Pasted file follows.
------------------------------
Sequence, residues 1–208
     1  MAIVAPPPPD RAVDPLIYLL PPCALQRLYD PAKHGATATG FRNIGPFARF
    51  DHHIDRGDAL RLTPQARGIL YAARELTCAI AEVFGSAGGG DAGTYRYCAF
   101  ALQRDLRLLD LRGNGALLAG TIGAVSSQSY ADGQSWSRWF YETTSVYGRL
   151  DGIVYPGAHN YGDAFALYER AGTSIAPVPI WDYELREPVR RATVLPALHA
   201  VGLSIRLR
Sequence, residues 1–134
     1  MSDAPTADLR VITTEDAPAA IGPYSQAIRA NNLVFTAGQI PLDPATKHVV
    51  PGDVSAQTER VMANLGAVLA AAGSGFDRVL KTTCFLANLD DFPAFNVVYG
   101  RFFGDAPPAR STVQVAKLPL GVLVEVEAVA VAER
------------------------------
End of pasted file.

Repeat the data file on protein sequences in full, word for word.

Sequence, residues 1–208
     1  MAIVAPPPPD RAVDPLIYLL PPCALQRLYD PAKHGATATG FRNIGPFARF
    51  DHHIDRGDAL RLTPQARGIL YAARELTCAI AEVFGSAGGG DAGTYRYCAF
   101  ALQRDLRLLD LRGNGALLAG TIGAVSSQSY ADGQSWSRWF YETTSVYGRL
   151  DGIVYPGAHN YGDAFALYER AGTSIAPVPI WDYELREPVR RATVLPALHA
   201  VGLSIRLR
Sequence, residues 1–134
     1  MSDAPTADLR VITTEDAPAA IGPYSQAIRA NNLVFTAGQI PLDPATKHVV
    51  PGDVSAQTER VMANLGAVLA AAGSGFDRVL KTTCFLANLD DFPAFNVVYG
   101  RFFGDAPPAR STVQVAKLPL GVLVEVEAVA VAER